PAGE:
Isaiah 10:7 Parallel Commentaries

Library
Covenanting Predicted in Prophecy.
The fact of Covenanting, under the Old Testament dispensations, being approved of God, gives a proof that it was proper then, which is accompanied by the voice of prophecy, affording evidence that even in periods then future it should no less be proper. The argument for the service that is afforded by prophecy is peculiar, and, though corresponding with evidence from other sources, is independent. Because that God willed to make known truth through his servants the prophets, we should receive it
John Cunningham—The Ordinance of Covenanting

His Holy Covenant
"To remember His Holy Covenant; to grant unto us that we, being delivered out of the hands of our enemies, should serve Him without fear, in holiness and righteousness before Him, all our days."-LUKE i. 68-75. WHEN Zacharias was filled with the Holy Spirit and prophesied, he spoke of God's visiting and redeeming His people, as a remembering of His Holy Covenant. He speaks of what the blessings of that Covenant would be, not in words that had been used before, but in what is manifestly a Divine revelation
Andrew Murray—The Two Covenants

Concerning Christian Liberty
CHRISTIAN faith has appeared to many an easy thing; nay, not a few even reckon it among the social virtues, as it were; and this they do, because they have not made proof of it experimentally, and have never tasted of what efficacy it is. For it is not possible for any man to write well about it, or to understand well what is rightly written, who has not at some time tasted of its spirit, under the pressure of tribulation. While he who has tasted of it, even to a very small extent, can never write,
Martin Luther—First Principles of the Reformation

And for Your Fearlessness against them Hold this Sure Sign -- Whenever There Is...
43. And for your fearlessness against them hold this sure sign--whenever there is any apparition, be not prostrate with fear, but whatsoever it be, first boldly ask, Who art thou? And from whence comest thou? And if it should be a vision of holy ones they will assure you, and change your fear into joy. But if the vision should be from the devil, immediately it becomes feeble, beholding your firm purpose of mind. For merely to ask, Who art thou [1083] ? and whence comest thou? is a proof of coolness.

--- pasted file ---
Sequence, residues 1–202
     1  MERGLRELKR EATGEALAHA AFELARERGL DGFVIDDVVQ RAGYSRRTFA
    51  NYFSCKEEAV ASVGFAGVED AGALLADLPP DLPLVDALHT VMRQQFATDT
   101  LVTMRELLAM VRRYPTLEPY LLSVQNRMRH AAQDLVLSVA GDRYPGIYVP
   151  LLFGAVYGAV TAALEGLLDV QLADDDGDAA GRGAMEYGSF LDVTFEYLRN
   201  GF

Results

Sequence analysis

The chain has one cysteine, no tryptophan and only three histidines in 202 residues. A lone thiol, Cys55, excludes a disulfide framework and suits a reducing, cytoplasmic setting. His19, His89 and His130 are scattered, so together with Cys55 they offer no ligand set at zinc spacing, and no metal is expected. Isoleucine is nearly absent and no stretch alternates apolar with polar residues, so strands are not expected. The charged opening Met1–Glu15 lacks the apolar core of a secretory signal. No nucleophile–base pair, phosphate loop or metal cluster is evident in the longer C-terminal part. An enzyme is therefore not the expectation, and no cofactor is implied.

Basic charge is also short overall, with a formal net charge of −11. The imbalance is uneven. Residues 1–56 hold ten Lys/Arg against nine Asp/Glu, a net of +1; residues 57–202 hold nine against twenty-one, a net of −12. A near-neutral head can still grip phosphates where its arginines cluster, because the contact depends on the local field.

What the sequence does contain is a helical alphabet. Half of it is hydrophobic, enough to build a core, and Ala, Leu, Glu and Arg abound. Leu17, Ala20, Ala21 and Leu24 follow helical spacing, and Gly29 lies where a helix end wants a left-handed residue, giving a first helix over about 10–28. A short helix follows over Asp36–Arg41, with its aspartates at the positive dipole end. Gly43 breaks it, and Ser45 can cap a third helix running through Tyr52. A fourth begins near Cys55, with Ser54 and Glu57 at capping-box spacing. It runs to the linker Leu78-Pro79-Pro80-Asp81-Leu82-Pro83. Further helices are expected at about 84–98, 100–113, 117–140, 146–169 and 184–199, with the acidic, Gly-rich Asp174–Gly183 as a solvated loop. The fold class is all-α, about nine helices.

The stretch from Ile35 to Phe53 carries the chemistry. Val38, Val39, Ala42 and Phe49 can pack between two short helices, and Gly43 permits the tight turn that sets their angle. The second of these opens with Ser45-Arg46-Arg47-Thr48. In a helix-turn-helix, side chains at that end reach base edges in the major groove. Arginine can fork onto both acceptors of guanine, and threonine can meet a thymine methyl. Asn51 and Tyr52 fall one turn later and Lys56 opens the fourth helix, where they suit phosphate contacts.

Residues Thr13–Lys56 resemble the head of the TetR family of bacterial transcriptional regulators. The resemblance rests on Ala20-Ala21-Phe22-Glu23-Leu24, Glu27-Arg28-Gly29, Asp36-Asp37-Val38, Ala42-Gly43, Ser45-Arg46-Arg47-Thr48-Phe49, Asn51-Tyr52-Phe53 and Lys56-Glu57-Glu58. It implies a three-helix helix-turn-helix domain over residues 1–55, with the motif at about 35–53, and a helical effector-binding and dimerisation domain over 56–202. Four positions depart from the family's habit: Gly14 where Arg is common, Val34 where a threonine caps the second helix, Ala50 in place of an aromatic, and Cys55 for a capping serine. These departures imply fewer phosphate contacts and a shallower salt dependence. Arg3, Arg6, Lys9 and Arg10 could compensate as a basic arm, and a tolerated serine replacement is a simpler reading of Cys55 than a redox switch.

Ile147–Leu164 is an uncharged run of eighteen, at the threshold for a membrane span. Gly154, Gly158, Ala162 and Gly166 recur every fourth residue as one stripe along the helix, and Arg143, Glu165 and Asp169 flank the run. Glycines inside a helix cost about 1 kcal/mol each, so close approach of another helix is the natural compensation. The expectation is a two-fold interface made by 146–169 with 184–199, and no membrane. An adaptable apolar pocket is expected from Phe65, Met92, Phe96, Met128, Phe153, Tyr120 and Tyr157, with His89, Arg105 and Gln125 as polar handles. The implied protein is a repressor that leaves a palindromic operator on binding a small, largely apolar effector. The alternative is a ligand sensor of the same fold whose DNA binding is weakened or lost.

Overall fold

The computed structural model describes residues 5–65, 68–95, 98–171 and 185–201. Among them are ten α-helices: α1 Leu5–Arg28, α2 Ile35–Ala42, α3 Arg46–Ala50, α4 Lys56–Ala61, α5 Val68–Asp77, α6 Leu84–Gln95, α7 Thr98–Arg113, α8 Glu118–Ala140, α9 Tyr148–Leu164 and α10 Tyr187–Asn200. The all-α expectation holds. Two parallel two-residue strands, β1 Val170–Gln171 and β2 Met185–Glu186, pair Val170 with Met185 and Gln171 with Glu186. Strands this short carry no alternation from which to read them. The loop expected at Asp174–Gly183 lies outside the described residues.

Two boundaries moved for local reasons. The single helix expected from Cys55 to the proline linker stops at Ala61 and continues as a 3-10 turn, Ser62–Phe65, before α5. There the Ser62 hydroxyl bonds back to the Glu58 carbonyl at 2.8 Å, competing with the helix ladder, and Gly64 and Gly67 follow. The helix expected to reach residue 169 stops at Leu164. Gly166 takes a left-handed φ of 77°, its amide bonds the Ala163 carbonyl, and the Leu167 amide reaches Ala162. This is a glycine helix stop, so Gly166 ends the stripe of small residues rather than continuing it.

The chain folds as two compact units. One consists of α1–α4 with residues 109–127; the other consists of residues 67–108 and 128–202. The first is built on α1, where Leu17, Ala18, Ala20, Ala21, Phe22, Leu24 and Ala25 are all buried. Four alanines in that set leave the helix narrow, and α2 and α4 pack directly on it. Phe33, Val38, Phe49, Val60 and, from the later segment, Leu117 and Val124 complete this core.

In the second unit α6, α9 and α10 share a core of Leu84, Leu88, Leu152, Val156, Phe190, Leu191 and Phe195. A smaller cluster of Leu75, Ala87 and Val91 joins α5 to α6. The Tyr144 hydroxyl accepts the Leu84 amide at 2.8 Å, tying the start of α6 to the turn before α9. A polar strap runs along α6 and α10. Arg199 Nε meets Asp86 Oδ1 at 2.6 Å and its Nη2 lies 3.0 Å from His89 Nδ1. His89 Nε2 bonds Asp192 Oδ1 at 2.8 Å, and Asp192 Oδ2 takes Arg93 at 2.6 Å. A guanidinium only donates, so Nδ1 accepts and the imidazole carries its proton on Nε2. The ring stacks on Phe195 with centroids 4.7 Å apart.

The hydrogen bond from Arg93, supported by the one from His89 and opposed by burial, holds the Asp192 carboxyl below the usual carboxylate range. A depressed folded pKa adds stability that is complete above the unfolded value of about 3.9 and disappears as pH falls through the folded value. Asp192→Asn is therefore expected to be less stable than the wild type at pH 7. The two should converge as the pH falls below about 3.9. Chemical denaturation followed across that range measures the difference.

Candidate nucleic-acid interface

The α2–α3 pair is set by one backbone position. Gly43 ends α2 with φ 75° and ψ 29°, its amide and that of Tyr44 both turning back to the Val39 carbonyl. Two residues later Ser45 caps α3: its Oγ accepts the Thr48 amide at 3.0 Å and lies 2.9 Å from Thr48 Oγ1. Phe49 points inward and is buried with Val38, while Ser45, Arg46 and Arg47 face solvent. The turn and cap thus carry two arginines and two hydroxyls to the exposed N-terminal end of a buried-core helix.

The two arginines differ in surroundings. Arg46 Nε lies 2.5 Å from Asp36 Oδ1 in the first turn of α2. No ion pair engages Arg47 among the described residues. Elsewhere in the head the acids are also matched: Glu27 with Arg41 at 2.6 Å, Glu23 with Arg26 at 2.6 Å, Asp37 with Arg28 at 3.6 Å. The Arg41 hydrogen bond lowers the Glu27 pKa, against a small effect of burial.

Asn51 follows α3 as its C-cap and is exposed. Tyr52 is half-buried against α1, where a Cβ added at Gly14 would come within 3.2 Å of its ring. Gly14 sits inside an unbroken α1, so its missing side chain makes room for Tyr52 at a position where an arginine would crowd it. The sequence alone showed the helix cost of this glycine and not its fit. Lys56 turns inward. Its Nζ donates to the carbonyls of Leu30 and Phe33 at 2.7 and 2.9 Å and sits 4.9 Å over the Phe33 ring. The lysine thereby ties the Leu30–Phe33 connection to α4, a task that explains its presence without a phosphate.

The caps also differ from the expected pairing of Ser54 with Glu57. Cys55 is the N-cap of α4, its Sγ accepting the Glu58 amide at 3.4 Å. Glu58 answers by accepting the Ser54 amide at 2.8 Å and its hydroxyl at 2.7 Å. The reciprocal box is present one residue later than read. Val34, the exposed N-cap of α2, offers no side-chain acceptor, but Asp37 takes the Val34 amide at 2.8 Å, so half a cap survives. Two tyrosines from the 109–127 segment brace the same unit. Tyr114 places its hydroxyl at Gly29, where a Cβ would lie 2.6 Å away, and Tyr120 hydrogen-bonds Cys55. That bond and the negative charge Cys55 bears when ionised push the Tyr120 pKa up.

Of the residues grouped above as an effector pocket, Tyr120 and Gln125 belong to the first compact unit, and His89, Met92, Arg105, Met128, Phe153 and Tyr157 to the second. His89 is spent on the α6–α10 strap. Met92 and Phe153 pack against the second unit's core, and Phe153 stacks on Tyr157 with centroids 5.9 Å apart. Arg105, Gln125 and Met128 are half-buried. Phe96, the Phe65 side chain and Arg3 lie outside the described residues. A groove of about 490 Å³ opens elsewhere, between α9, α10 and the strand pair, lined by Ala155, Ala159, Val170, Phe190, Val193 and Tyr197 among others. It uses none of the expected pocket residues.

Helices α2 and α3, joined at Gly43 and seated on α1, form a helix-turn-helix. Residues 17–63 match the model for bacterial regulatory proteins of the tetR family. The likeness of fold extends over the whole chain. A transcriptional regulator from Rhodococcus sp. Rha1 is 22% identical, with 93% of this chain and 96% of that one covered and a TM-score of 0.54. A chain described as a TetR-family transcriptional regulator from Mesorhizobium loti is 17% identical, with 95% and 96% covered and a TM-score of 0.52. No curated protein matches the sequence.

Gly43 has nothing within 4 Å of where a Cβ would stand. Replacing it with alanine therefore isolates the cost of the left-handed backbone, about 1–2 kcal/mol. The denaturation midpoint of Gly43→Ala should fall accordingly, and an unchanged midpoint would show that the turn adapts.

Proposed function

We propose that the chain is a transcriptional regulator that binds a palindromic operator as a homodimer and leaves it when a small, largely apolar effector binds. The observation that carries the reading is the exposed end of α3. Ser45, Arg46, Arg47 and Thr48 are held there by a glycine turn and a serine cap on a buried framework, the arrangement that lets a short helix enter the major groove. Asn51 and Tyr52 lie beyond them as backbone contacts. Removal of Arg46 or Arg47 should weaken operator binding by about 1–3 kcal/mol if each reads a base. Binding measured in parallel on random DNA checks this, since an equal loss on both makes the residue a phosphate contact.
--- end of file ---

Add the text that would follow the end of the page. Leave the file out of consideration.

Athanasius—Select Works and Letters or Athanasius

Cross References
Acts 2:23
this Man, delivered over by the predetermined plan and foreknowledge of God, you nailed to a cross by the hands of godless men and put Him to death.

Acts 2:24
"But God raised Him up again, putting an end to the agony of death, since it was impossible for Him to be held in its power.

Genesis 50:20
"As for you, you meant evil against me, but God meant it for good in order to bring about this present result, to preserve many people alive.

Isaiah 10:8
For it says, "Are not my princes all kings?

Isaiah 23:13
Behold, the land of the Chaldeans-- this is the people which was not; Assyria appointed it for desert creatures-- they erected their siege towers, they stripped its palaces, they made it a ruin.

Ezekiel 29:20
"I have given him the land of Egypt for his labor which he performed, because they acted for Me," declares the Lord GOD.

Micah 4:11
"And now many nations have been assembled against you Who say, 'Let her be polluted, And let our eyes gloat over Zion.'

Jump to Previous
Cut Cutting Design Destroy Destruction End Few Heart Howbeit However Intend Intends Mean Meaneth Mind Nations Plan Purpose Rather Reckoneth Think Thinketh
Jump to Next
Cut Cutting Design Destroy Destruction End Few Heart Howbeit However Intend Intends Mean Meaneth Mind Nations Plan Purpose Rather Reckoneth Think Thinketh
Links
Isaiah 10:7 NIV
Isaiah 10:7 NLT
Isaiah 10:7 ESV
Isaiah 10:7 NASB
Isaiah 10:7 KJV

Isaiah 10:7 Bible Apps
Isaiah 10:7 Biblia Paralela
Isaiah 10:7 Chinese Bible
Isaiah 10:7 French Bible
Isaiah 10:7 German Bible

Isaiah 10:7 Commentaries

Bible Hub
Isaiah 10:6
Top of Page
Top of Page